Rumor: Pictures show alleged 16.7 watt-hour 'iPad mini' batteryImages of a purported "iPad mini" battery hit the web early Sunday, showing Apple's much-rumored 7.85-inch tablet may employ a 16.7 watt-hour battery, which would offer more energy than the cells found in Google's Nexus 7 and Amazon's Kindle Fire HD.
Alleged iPad mini battery. | Source: MacRumors
AppleInsider cannot confirm the image's pedigree and offers the following information for purposes of discussion only.
The photos acquired by MacRumors claim to be a final or near-final version of the battery set to be used in the so-called "iPad mini," with the purported unit bearing a product number of A1445 and APN, or Apple product number, of 616-0641. In comparison, the third-generation iPad's battery is identified as part number A1389, and carries an APN of 616-0593.
Further investigation of the supposed iPad mini battery reveals the unit is a 3.72-volt, 16.7 watt-hour cell that holds a charge of 4,490 mAh. This is compared to the third-generation iPad's huge 43 watt-hour, 11,560 mAh battery, the iPad 2's 24.8 watt-hour cell, and the iPhone 5's 5.45 watt-hour unit.
The alleged battery's markings are incomplete and have placeholders for certain regulatory text, numbers and government regulation insignias, suggesting the part is not a production model. However, the general shape of the unit is consistent with previously "leaked" components, including the rear shell, front display assembly and LCD.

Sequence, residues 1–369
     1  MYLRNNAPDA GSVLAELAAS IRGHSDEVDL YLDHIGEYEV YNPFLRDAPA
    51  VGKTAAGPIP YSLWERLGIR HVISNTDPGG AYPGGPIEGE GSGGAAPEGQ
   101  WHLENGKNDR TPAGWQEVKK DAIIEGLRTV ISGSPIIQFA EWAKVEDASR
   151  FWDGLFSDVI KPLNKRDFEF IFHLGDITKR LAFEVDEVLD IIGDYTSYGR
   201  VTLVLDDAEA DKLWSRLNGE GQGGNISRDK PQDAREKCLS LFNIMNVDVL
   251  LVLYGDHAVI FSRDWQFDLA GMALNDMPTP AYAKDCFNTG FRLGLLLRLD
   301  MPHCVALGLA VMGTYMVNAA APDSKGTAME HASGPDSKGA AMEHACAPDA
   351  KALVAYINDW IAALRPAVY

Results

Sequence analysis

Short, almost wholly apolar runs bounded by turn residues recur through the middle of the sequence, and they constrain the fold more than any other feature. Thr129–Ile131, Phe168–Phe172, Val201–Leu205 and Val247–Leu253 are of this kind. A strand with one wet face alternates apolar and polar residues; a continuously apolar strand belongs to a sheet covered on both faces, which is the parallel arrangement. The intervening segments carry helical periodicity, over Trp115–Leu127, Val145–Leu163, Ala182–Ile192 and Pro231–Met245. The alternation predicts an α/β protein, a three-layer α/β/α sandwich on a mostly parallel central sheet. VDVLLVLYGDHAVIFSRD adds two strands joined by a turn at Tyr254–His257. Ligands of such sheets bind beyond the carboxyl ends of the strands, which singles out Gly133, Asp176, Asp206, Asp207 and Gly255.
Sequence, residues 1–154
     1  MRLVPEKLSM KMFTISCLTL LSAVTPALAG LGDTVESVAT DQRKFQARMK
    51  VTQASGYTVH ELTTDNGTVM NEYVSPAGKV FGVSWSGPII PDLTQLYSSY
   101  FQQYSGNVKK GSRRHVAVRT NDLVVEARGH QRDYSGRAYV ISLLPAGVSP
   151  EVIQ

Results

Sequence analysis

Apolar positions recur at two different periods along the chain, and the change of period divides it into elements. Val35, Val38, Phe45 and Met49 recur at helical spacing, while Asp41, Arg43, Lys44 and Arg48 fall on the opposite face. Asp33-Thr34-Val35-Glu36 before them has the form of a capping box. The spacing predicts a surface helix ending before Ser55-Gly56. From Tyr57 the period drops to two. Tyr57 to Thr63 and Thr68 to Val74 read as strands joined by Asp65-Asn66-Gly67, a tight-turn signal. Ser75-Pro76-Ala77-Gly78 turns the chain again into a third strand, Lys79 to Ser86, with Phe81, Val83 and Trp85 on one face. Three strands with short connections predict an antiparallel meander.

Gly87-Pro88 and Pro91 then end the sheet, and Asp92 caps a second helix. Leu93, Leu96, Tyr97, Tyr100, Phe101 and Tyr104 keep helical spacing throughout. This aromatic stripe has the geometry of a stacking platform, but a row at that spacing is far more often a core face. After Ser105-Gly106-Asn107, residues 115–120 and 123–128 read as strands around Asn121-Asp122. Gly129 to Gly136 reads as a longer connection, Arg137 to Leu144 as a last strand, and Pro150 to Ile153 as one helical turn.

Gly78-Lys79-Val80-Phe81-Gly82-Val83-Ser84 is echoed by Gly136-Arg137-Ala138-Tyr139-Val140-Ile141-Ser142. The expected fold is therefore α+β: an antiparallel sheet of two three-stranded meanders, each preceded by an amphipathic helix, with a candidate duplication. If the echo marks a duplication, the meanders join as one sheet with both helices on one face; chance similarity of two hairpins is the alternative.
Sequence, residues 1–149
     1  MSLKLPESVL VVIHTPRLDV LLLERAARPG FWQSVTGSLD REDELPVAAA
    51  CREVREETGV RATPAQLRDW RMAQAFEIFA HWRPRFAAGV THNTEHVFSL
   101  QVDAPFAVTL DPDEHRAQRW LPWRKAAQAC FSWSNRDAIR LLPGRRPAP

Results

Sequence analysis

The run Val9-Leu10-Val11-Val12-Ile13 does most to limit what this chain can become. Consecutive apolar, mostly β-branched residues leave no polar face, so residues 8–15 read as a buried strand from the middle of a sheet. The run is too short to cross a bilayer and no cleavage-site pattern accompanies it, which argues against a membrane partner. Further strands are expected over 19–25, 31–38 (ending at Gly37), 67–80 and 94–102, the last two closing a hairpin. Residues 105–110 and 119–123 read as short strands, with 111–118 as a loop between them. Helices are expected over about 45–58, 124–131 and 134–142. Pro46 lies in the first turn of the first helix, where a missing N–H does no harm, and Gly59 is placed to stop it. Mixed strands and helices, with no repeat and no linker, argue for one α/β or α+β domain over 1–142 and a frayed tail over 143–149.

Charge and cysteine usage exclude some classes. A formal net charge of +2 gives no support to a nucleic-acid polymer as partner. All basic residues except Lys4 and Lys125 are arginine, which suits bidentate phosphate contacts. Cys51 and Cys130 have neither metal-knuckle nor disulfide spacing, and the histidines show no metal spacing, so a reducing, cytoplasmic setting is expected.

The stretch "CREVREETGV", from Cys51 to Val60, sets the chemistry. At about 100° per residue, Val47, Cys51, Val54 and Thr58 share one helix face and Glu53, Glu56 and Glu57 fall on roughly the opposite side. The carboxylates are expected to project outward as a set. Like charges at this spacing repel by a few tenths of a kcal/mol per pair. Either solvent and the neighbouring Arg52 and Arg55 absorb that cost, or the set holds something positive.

If legitimate, the 16.7 watt-hour cell could mean the smaller iPad's battery life will be comparable to the Nexus 7 and Kindle Fire HD, which employ a 16 watt-hour and 16.43 watt-hour unit, respectively. Weighing heavily into the runtime calculation of any device is the processor, which in some cases can diminish performance by hours.
It remains to be seen what processor Apple will choose to run the alleged iPad mini, though the company's most recent A-series system on chips are either on par or more efficient than competing silicon. A report in early October claimed that an unknown iPad, thought to be the iPad mini, appeared in an app developer's access logs, with the device operating an A6-series chip much like the component found in the iPhone 5.
Apple is widely expected to unveil its small form factor tablet at an event on Oct. 23.